Patients looking for hospice care can now get help from Medicare’s website. The agency’s new Hospice Compare site allows patients to evaluate hospice providers according to several criteria. The site is a good start, but there is room for improvement, experts say.
Medicare’s comprehensive hospice benefit covers any care that is reasonable and necessary for easing the course of a terminal illness. Medicare launched the hospice compare website to improve transparency and help families find the right hospice provider.
The website provides information on how hospices deal with treatment preferences, address a patient’s beliefs and values, screen and assess for pain and shortness of breath, treat shortness of breath, and give a bowel regimen for patients treated with opioids. Patients can compare up to three hospices at a time.
Next year, the site plans to add more information, including allowing families to rate hospices as well as adding data on the number of staff visits a patient received in the final week before death.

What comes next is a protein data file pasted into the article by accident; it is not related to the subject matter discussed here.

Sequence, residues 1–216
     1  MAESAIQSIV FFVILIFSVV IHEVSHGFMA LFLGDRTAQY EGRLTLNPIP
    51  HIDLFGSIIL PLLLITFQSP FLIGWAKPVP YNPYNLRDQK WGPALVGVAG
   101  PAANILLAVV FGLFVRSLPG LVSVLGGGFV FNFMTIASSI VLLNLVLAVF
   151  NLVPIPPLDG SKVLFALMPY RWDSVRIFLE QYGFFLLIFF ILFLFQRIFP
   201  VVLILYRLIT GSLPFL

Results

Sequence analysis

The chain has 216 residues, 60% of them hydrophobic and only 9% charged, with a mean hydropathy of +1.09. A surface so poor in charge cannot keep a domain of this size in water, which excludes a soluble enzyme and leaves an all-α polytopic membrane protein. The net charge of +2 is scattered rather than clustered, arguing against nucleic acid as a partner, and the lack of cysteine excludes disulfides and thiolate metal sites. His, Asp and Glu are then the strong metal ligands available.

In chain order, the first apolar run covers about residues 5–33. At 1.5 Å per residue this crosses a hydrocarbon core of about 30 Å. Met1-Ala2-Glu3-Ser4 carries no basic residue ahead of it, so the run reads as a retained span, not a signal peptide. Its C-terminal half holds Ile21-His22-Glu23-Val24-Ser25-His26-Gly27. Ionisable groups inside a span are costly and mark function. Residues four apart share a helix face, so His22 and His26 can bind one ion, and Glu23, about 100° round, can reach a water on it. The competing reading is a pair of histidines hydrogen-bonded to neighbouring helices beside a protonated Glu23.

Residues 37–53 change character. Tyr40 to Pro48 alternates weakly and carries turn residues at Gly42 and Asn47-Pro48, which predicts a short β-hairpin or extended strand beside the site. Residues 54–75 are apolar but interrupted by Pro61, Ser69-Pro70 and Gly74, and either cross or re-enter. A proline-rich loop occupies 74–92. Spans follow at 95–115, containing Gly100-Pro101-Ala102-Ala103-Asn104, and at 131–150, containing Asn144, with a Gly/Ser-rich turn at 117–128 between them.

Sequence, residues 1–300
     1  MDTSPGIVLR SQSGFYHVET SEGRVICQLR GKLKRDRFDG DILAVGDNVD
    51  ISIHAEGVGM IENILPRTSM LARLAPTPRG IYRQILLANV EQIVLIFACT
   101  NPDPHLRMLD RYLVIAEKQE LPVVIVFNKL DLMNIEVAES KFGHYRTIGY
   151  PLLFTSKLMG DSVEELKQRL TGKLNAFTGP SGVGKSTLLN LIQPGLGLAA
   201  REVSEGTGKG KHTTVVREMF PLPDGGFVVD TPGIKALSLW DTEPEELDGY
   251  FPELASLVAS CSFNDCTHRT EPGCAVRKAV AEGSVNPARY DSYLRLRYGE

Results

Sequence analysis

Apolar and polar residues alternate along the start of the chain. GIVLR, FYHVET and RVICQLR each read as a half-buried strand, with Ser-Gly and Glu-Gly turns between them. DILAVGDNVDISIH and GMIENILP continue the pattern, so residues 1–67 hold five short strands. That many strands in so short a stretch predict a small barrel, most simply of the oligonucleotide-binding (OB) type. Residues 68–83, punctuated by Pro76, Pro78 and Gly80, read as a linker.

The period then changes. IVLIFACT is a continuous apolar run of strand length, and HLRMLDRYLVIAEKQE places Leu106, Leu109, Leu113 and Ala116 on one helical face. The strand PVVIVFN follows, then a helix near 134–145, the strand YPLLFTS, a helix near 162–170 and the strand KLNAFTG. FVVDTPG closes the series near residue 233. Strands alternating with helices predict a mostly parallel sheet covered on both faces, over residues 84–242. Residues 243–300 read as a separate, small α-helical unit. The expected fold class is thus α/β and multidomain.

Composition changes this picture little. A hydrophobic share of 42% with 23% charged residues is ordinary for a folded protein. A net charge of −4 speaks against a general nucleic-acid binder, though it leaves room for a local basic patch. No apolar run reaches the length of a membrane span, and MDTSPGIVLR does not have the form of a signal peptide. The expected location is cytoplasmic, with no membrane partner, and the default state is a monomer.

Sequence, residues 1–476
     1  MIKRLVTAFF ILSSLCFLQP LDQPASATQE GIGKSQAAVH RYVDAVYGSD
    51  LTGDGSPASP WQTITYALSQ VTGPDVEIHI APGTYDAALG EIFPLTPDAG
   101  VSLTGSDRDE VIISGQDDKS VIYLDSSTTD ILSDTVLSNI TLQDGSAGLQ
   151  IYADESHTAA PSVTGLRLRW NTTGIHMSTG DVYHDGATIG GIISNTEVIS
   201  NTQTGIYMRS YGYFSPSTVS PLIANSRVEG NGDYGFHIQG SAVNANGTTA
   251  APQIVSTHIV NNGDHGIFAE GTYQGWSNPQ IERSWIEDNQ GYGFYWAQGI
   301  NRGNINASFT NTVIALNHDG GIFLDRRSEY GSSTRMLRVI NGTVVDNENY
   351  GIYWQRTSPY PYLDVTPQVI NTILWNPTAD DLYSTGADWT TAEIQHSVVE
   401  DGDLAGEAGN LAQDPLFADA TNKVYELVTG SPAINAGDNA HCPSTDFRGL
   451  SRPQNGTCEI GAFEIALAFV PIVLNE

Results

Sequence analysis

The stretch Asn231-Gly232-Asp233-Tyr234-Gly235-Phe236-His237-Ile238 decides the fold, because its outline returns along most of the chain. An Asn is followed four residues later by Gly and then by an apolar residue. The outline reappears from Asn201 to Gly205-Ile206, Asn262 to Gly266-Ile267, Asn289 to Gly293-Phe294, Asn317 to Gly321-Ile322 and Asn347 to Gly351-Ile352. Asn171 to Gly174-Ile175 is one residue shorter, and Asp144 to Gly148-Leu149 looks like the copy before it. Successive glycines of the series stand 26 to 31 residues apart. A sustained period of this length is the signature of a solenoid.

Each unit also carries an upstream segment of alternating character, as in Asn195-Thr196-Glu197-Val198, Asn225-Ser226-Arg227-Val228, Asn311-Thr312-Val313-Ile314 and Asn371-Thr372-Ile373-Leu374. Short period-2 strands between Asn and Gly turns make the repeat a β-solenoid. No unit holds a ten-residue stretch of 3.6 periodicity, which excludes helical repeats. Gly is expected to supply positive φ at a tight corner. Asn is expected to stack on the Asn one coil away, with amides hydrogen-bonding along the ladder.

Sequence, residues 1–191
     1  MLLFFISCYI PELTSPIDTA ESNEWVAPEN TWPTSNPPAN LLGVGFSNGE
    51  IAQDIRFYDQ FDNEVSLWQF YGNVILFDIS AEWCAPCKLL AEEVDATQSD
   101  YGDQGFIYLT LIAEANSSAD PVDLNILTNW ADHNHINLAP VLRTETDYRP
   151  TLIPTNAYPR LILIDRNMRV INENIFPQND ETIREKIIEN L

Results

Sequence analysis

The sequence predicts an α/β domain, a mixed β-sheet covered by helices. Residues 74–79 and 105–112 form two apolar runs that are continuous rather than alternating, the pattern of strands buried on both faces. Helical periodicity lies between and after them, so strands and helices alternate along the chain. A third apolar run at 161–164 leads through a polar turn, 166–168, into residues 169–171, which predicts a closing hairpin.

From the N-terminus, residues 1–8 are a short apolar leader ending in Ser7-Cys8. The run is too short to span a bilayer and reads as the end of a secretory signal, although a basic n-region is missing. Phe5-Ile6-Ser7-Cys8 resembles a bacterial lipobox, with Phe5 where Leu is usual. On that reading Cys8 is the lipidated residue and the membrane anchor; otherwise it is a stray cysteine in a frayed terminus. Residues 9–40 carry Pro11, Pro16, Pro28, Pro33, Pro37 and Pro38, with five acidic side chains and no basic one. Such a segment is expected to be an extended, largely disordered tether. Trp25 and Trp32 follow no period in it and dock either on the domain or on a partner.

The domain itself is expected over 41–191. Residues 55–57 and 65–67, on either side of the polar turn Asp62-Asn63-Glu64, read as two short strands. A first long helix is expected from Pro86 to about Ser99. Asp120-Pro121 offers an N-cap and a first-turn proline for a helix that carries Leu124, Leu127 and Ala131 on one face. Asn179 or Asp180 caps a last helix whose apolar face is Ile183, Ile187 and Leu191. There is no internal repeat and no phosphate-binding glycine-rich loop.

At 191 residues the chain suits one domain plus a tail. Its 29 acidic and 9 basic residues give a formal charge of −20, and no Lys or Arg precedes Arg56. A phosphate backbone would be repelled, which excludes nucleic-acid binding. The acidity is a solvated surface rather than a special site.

Kaiser Health News reports that while the website is helpful to families looking for information about hospice care, experts believe it is of limited use right now. According to Dr. Joanne Lynn of the Altarum Institute, a nonprofit health systems research and consulting organization, patients looking for hospice care need different information, including the hospice staff’s average caseload, the percentage of patients discharged alive, and the share of the hospice’s resources devoted to at-home care versus nursing home care.
In addition to the uncertainty of the ratings, the website also has been experiencing a problem with its search function. When patients search for a provider by location, they may get agencies that do not serve their zip code. While the problem is being fixed, patients should call to confirm that hospice providers service their area.
A robust hospice rating system is badly needed, according to a Kaiser Health News investigation. A review of 20,000 government inspection records found that hospice providers often missed visits and neglected patients who were dying at home. Families or caregivers have filed more than 3,200 complaints with state officials in the past five years.